"Then there's no food here for you," said the man; and slammed the door in his face.

Wherever the King went he had the same mortifying experience. No one was the least impressed by the crown upon his head and the rich clothes that he wore.

So desperately hungry did he become that he accosted a pieman and offered his crown for a hot pie, the savoury smell of which tormented him with a passionate desire.

"That thing's no good," said the pieman, glancing contemptuously at the crown, and passed on, calling out his wares.

The King sat down in a quiet spot and burst into tears.

No sooner did he do so than he was back in his palace at Wherisit, seated before the sweetest meal he had ever tasted.

"Who is the Most Powerful Person in the world?" said the voice of God.

And the King did not answer. His mouth was full; but that was not the only reason for his silence.

* * *

Then the Right Reverend Dr. Pomp, D.D., High Priest of Wherisit, swelling with sacerdotal pride, stepped from the great altar, saying:

"I, O God, am surely the Most Powerful Person under heaven!"

The words had hardly passed his lips before he, too, found himself in that strange city where no one eats who has not earned, as weary and as hungry as the King had been.

Humbly he begged at the door of a house. Asked what he did that entitled him to food, he replied: "I speak God's truth."

"In this city," he was told, "God's truth speaks for itself." And the door was slammed on HIM.

The famished and despairing prelate broke down completely, and the Practical Joker in the sky, laughing to himself, brought him back to the episcopal residence, where the cooks were soon running round in the episcopal kitchen, preparing the sort of dinner that a prelate loves.

"Who is the Most Powerful Person in the world?" said God.

The High Priest was dumb.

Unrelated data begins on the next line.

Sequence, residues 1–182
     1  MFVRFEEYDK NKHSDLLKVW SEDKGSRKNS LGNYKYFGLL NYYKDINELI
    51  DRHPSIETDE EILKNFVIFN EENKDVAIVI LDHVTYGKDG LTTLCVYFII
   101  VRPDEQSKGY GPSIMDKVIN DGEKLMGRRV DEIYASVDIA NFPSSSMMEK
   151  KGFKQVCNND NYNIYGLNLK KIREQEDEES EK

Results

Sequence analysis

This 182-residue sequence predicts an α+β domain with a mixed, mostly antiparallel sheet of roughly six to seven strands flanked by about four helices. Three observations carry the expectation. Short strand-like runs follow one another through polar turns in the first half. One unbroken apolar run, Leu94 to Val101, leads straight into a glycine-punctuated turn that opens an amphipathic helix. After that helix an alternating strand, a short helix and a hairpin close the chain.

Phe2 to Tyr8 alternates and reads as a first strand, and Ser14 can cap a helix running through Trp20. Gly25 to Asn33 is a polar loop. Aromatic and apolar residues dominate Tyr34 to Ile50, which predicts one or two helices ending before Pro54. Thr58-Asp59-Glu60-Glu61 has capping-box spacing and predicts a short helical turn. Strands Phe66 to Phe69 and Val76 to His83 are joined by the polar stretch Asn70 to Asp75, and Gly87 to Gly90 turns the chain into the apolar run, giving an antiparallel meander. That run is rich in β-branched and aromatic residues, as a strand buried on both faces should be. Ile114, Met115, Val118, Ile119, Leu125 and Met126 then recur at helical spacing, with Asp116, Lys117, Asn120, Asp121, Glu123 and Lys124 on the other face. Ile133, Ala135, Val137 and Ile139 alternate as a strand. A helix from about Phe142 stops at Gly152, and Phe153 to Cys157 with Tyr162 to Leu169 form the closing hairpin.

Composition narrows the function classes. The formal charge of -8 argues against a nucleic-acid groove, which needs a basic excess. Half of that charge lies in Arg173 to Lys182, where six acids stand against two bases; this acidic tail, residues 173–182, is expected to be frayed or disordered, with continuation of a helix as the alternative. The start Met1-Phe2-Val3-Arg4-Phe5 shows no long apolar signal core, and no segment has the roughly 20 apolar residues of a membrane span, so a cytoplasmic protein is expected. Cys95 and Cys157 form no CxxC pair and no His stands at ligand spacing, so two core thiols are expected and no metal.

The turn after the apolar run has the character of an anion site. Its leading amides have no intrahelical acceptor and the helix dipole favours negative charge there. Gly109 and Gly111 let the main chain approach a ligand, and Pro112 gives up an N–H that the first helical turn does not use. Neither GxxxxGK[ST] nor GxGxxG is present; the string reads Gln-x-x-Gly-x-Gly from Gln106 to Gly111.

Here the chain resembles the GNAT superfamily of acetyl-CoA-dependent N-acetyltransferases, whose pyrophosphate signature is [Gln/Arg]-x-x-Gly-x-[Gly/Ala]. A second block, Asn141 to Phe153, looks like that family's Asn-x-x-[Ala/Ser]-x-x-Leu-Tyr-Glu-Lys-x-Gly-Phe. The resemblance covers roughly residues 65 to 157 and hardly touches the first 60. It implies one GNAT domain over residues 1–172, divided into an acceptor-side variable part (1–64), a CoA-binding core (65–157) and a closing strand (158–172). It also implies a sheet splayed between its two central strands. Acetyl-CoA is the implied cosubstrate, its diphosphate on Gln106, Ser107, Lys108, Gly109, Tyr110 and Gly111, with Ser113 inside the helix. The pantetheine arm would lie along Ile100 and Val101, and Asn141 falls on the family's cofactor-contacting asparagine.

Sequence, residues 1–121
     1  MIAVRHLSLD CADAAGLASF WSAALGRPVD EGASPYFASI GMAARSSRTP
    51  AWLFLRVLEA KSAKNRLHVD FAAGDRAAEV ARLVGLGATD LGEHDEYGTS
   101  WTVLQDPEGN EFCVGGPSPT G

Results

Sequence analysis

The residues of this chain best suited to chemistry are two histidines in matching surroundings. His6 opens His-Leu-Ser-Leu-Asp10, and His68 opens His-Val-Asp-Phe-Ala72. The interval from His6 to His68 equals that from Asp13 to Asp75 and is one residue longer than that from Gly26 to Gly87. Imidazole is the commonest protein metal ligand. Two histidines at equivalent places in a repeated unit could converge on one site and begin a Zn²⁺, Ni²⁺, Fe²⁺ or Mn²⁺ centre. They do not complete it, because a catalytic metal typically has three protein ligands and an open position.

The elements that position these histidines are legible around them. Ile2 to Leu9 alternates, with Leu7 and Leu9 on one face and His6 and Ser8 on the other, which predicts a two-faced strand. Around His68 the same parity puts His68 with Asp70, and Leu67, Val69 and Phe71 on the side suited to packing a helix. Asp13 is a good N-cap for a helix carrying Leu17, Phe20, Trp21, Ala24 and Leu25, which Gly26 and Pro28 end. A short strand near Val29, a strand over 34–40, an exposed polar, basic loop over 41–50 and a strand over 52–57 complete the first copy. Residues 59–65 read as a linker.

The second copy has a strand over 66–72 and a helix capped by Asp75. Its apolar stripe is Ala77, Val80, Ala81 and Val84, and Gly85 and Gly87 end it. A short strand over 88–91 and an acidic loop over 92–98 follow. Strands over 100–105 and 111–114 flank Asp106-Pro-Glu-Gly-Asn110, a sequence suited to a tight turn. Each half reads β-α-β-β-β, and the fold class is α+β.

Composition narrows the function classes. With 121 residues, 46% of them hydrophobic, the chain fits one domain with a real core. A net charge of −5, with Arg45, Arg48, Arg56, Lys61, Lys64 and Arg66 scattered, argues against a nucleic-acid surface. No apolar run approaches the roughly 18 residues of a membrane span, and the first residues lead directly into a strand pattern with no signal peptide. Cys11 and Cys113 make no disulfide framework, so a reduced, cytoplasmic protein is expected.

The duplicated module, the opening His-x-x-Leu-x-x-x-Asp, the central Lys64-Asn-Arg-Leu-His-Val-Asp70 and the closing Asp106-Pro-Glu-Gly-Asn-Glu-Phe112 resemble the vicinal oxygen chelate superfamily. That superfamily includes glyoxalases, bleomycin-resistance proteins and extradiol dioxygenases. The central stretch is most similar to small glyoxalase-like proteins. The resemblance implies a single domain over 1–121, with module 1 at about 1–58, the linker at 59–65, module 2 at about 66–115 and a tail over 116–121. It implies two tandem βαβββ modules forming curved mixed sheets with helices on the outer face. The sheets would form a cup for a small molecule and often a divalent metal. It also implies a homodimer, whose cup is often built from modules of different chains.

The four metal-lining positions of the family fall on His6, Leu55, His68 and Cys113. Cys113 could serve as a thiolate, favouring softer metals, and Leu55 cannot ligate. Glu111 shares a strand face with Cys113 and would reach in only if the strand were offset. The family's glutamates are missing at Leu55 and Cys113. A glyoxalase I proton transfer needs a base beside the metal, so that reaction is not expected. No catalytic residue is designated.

But the Moneylord spoke up and said, "Even I, O God!"

Immediately, like his predecessors in pride, he was in the strange city, and in similar evil case—very, very hungry, and every bone in body aching with weariness.

Like them, too, he knocked at a door and besought food.

"What can you do to earn it?" he was asked.

"Find capital to employ labour," he replied.

"In this city labour employs capital," said his interrogator. And the slamming of the door was the sound of doom to the unfortunate Moneylord.

But again the watching God above did not press the joke too far, and the Moneylord, back in the Land of Wherisit, with obsequious servants ministering to the cravings of his stomach, soon got over his misadventure.

When, however, God once more said. "Who is the Most Powerful Person in the world?" the man of capital discreetly held his tongue.

Indeed, no one now put forward a claim, and this was not attributable to modesty, but to the fear which the experiences of the King, the High Priest and the Moneylord had produced.

"Well," said God, laughing to himself behind the clouds, "since you are all so silent, I will tell who is the Most Powerful Person in the world. It is that man, there, whom you have crucified!"

A ray of light came out of heaven and fell upon a figure nailed to a cross.

"That Rebel!—that Law-breaker!" cried all the Rulers of Wherisit, astounded and incredulous.

"Even so," said God.

And the sight of their consternation amused him greatly.

* * *

There was a Grand Council of the Rulers after that, and the King presided, and the High Priest moved a resolution, and The Moneylord seconded it, and The Lawyer and The Soldier supported it, and it was put to the Council and carried without a single dissentient voice.

And the resolution declared that if God persisted in making the Rebel the Most Powerful Person in the world, the Grand Council of Wherisit would be compelled to take prompt action to change the official religion, and appoint a new God, one more in accord with the established institutions and venerable traditions of the country.

When the applause following on the vote had subsided, the King rose and said:

"Let the Rebel now be taken down From the cross, and be buried in unconsecrated ground, and let a heavy stone be rolled upon the grave to keep him there. Thus will we prove to God the folly of his choice."